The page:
Tag Archives: coastal reefs

Freezing Time, Seaweed, and the Biologic Imaginary

We can lose sight of the central role that seaweed plays in the coastal habitat of Northern California. For while often present before our eyes, the problems of mapping often submerge seaweed forests with any fixity is mirrored by the threatened disappearance of offshore kelp beds in an amazingly rapid timeframe, as creating an actual image capture able to register the extent of kelp forests is sadly mirrored in the diminishing kelp beds off the California coast.

Has predominantly passive registration of location–onshore registration of sites remotely by satellites, from the harrowing images of the spread of fires. We are reminded by maps showing the rapid advance of the burn perimeters of Yosemite wildfires of 2013, North Bay Fires, or the disastrous Camp Fire of 2018. The rapid pace of the loss of these forested lands seems eerily echoed in the shrinking of coastal beds of kelp along Northern California, and correlates to the advance of warming climes.

If we have developed tools to map the continuity, intensity, and growth of forest fires by satellite and drones, the problem of passively registering the loss of kelp forests, and its relation to the advance of urchin beds, removes a part of coastal environments we are in need of mapping. The scale of maps of the destruction of seaweed beds on the California coast are less rooted in real time, but have advanced in striking fashion over ten years, although the ravages of destruction for now seem to remain undersea. But we are less skilled to communicate their crucial place in offshore environments.

The nutrient-rich cold waters of coastal California provided with its rocky seafloor afford a perfect environment for lush kelp forests, that extend up into British Columbia and Alaska. But as waters are warming, with astounding rapidity, we need to ensure kelp beds are mapped, although many are often off the map, and difficult to register, even as their size has come to be threatened by global warming and climate change, in ways that eerily parallel the loss or threats to irreplaceable forested environments. While the nature of the decline of seaweed is not linked to warming waters directly, the shifting ecosystems that climate change has created have caused a drastic and rapid decline of seaweed’s offshore presence that we have yet to fully map. For the passive registration of kelp beds, traced by GPS or captured through aerial photography, is far less hands-on than examination of their extent would warrant, and low-flying satellites of remote sensing offer few possibilities for accurate mapping of their extent. The rapidity of the disappearance to kelp–and beds whose boundaries are shifting in time with the rapidity of the advance of forest fires on the scale of their destruction–pose problems of global dimensions that are pointing for the immediacy of loss of kelp of over 13,000 species whose biodiversity and creation of oxygen by photosynthesis feeds much of the world drives our own ecosystem.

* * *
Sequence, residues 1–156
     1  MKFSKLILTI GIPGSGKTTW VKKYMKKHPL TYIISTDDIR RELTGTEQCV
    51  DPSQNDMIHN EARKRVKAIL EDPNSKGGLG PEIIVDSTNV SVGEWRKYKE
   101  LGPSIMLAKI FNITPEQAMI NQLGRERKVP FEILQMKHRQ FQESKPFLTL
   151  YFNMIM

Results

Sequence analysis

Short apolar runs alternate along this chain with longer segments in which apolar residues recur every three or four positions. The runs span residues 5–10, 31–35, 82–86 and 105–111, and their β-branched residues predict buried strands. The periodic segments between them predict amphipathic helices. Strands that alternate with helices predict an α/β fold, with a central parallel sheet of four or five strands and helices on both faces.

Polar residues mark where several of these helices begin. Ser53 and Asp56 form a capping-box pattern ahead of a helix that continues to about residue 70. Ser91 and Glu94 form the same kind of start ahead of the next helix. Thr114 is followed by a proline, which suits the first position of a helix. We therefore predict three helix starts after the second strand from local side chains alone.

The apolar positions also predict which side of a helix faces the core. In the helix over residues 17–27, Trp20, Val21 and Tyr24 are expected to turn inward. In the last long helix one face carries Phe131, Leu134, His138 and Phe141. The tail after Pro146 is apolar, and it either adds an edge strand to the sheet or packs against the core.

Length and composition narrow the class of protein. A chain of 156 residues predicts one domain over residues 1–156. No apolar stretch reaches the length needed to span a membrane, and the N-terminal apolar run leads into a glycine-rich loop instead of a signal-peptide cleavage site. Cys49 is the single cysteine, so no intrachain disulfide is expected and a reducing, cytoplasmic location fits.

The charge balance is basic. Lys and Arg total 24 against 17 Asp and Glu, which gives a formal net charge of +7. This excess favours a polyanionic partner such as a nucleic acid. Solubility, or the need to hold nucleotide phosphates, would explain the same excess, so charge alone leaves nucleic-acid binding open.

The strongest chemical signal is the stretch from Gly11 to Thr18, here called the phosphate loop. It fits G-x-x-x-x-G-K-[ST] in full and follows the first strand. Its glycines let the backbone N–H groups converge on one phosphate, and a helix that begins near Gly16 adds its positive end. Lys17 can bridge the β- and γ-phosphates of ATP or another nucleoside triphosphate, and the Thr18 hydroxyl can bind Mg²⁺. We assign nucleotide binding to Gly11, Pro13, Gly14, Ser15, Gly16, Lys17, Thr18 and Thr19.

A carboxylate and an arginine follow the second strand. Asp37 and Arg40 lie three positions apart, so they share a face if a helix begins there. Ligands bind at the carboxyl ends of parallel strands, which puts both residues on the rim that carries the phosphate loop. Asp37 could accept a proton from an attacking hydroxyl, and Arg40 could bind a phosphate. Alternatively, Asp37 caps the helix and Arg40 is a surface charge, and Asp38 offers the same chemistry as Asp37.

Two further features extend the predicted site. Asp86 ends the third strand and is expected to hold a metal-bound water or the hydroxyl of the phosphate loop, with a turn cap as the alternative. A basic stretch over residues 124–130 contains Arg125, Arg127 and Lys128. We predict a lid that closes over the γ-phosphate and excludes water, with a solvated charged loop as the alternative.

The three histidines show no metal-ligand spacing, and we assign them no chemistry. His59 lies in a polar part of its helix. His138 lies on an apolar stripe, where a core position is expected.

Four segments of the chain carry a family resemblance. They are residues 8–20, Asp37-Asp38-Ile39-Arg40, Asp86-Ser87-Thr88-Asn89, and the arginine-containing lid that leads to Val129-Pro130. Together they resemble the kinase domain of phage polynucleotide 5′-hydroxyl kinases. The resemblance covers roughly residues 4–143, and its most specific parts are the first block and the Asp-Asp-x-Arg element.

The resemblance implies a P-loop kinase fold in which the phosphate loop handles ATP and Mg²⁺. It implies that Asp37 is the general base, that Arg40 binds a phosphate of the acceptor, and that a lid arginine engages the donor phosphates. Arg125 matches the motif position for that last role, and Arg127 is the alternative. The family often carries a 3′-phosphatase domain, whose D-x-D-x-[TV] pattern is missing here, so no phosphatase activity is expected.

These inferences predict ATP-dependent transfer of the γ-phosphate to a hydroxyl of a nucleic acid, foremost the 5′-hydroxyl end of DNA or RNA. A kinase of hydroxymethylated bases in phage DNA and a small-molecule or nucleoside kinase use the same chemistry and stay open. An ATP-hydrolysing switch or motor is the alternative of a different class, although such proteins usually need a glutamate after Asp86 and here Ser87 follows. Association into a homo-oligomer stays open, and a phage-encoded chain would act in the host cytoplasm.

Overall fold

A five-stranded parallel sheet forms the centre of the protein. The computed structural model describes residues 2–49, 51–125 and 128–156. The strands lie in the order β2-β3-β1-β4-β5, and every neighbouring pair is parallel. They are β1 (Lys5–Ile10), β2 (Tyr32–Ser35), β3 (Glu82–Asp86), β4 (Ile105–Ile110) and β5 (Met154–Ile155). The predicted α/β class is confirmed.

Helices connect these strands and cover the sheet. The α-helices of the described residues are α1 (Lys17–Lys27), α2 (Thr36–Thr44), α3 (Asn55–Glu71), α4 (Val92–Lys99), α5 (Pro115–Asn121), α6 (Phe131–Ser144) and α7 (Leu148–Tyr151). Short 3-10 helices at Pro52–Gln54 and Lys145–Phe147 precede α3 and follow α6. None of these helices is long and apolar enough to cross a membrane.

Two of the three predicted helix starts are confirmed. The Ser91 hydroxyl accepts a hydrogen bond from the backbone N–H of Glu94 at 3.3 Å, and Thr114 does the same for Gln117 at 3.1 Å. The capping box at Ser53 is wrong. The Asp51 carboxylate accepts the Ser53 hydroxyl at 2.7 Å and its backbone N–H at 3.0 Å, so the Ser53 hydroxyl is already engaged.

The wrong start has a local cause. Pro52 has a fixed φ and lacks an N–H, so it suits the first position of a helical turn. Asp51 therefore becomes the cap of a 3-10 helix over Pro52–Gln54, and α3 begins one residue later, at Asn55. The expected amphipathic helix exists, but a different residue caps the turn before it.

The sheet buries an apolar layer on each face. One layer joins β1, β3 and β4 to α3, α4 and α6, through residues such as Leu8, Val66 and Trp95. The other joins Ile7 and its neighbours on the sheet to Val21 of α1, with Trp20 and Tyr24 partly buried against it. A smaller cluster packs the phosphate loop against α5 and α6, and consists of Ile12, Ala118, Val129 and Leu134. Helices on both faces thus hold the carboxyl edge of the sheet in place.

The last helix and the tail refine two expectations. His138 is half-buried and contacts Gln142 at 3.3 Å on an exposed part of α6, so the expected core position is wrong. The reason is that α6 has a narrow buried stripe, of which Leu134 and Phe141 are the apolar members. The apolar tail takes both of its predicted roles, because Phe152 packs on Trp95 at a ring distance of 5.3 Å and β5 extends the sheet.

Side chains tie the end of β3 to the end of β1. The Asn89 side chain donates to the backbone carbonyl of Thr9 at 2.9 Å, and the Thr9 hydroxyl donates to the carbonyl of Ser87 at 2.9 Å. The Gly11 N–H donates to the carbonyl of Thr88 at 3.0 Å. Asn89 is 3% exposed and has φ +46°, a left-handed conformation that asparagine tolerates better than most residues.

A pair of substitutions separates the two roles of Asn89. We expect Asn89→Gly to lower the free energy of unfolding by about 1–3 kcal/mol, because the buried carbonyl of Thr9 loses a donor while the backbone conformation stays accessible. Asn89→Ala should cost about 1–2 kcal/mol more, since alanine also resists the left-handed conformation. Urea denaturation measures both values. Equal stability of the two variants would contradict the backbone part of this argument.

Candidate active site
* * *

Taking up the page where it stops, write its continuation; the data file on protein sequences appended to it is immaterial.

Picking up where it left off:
Paul Horn, Inside Climate News/Source Wernberg and Staub,
Explaining Ocean Warming (IUCN Report, 2016)

Even a map of globally threatened areas cannot emphasize properly the extent to which the Pacific coastline provides a site of cold waters, ocean upwelling that provides rich mineral nutrients, and sunlight that makes it an especially abundant site of kelp forests, in a true megaregion of coastal ecology whose catastrophic loss is impossible to imagine. Even a map of kelp’s local abundance fails to map its ecoystemic centrality in adequate ways–ways that the diversity of kelp speciation also fails to capture, despite its clear .scientific value to survey the ocean populations that are most risk.

The Nature Conservancy

Miller, Lafferty, Lamy, Kui, Rassweller and Reid (2018)/Royal Society Publishing,

The particular vulnerability of the kelp biomass seems to have grown in unexpected ways not only due to climate warming, but to its particular vulnerability to ocean floor sessile predators like purple sea urchins, who are more likely, it is now believed, to eat phytoplankton and microalgae in the kelp understory, rather than kelp itself: however, the role of urchins in diminishing kelp forests, which themselves feed exclusively on sunlight, the combination of how a lack of upwellings due to climate change diminished urchin food supply and the inhospitable nature of warming waters to kelp forests may increase the vulnerability of kelp in coastal oceans.

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Filed under climate change, climate emergency, data visualization, Global Warming, seaweed